So you want to buy farm land in South America – What are the options ?
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So you want to be a farmer in South America.
Investing in farmland can make for an intriguing alternative to the stock market. Farmland is safe historically and a great hedge against inflation and is an asset class that does not correlate with the normal stock market. As the world’s population continues to grow (9.15 billion estimate by 2050) and the global middle-class continues to emerge (with changing dietary habits toward more calories and meat), farmland is poised to become an even more intriguing alternative investment. Keep in mind 40% of the world’s population lives in Asia and they are not-self sufficient in vegetable oils ie soya.
Farmlands in Brazil and Argentina are some of the most fertile, productive and sought after in the world, but investors looking at the continent should be cautious. Brazil and Argentina both rank lower on various global property rights indexes and currently have laws that place certain limits on the foreign ownership (individuals and corporations) of farmland.
South American countries like Chile, Paraguay, Peru and Uruguay are much more foreign business friendly and have better protection of property rights. However Chile (is very mountainous) and Uruguay (is a small country) offer comparatively fewer farmland opportunities for investors than the much larger and farmland-rich Argentina, Brazil and Paraguay.
This looks promising but the only problem is…
You may now be asking yourself “This sounds great! I should be investing in farmland?!” The problem is that the average medium-sized retail investor has had few opportunities to participate in the gains to be made. Investment vehicles have been primarily limited to Wealthy Individuals, Family Offices, Private Funds, Sovereign Funds or larger corporations like Superannuation Funds.
What’s are the options ?
Whilst there are not many direct investment options for smaller investors, there are a few publicly traded near pure-play farmland companies. Some of these companies are a bit more pure-play than others though:
Publicly Listed (would suit smaller investors )
Cresud (NASDAQ: CRESY) is a very large Argentina-based farm company with about 2.4 million acres of land in Argentina (66%), Brazil (19%), Paraguay (13%) and Bolivia (2%). The company is a farmer of soybeans (making up 56% of its crops), corn (20%) and single digit percentages of sugarcane, sunflower, wheat and other grains. The company has livestock operations in beef cattle ranching, sheep herding and dairy cow milking. Cresud also has a 64.5% stake in the Argentina real estate developer in IRSA, which in turn owns about 30% of the Argentina bank Banco Hipotecario.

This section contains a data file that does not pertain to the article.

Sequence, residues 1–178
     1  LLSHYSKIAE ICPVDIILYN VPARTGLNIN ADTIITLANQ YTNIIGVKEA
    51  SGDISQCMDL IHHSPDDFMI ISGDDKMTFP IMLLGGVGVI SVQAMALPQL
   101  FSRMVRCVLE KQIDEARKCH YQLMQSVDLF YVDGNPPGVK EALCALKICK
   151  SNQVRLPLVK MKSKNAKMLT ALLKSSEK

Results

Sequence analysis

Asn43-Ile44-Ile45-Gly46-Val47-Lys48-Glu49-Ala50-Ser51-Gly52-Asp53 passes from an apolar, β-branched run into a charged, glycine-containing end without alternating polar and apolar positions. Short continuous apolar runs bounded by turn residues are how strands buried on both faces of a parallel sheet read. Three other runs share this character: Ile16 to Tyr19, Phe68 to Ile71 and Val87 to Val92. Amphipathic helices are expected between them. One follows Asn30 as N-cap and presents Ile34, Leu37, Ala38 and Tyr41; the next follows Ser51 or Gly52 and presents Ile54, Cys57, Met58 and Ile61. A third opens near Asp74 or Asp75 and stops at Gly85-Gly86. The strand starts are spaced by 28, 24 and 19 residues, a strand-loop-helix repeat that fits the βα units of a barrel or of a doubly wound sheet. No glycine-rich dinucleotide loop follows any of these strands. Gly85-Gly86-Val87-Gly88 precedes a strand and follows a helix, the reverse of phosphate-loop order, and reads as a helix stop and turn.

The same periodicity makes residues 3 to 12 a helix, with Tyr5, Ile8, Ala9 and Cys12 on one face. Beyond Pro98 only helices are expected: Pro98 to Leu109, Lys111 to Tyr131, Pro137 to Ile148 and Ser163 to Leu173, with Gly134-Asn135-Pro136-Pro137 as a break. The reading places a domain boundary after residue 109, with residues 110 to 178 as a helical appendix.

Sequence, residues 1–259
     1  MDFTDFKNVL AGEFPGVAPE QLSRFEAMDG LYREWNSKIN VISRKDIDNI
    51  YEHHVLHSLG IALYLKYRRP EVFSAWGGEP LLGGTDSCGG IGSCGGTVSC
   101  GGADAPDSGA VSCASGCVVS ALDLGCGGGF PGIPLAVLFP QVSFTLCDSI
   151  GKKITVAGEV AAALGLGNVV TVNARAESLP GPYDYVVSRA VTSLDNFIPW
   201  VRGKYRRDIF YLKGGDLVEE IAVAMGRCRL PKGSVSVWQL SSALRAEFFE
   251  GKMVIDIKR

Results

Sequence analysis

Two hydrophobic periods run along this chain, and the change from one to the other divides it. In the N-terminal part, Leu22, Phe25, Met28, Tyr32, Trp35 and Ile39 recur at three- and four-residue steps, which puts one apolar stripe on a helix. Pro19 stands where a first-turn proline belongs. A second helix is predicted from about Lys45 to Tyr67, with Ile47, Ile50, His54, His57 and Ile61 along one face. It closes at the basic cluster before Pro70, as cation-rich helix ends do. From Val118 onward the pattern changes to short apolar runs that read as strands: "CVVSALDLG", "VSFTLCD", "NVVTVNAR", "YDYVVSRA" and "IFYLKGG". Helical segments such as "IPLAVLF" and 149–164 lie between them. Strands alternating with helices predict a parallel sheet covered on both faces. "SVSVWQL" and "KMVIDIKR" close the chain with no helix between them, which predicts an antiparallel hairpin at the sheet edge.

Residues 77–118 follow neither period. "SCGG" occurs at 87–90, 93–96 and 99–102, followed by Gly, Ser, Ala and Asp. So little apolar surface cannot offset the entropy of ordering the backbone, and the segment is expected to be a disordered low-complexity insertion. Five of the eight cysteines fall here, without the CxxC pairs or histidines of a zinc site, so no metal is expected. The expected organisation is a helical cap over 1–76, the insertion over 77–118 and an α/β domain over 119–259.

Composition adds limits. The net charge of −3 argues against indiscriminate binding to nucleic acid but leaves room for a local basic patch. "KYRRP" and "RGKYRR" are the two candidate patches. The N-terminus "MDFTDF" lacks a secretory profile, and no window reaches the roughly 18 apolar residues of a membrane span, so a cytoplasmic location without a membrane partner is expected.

Notes: On paper it looks perfect but as a past investor I can vouch that it is a poor choice for private investors with most of the benefits flowing to the management not the shareholders
Adecagro (NYSE: AGRO) is based in Luxembourg, but owns about 725,000 acres across Brazil (66.6%), Argentina (32.2%) and Uruguay 1.2%). Much like fellow South American farmer Cresud, Adecagro is involved in the growing of various grain crops, sugarcane, cattle ranching and dairy cow milking. Adecagro also has business segments in coffee beans and cotton growing and ethanol fuel production.
Notes: Similar profile to Cresud but seems much better run. Soros was one of the original investors.
Private Farming Funds ( would suit medium to large investors )
Pros: Lower overhead costs, better margins due to a less bureaucratic management style, planned exit.
Cons: Less liquidity than publicly traded funds.
Notes: Success or otherwise with these private funds is totally dependant on the Fund Managers skills. If you are putting substantial funds in these you should meet personally with the managers.
GTSA comes into contact with most of the important funds in the region due to the nature of the business. We sell large farms in all these regions. However in our experience there are a number of smaller Feeder Funds ( they supply mature property hubs to larger funds ) that we could recommend.
Direct Farm Ownership:
Farms in the most productive areas of South America can be purchased and farmed directly or under management. GTSA can provide both services if need be.
Pros: Lower overhead costs, better margins due to a less bureaucratic management styles,
Cons: Less liquidity than public or private funds. One farm in one region has no risk mitigation for fire, winds, frost or other regional hazards. No exit plan.
Notes: Personal ownership of farmland suits investors who will farm hands on or have farms large enough to warrant professional management.
If these forms of investment are of interest contact us for more information.
Geoffrey McRae [email protected]
Post available in: English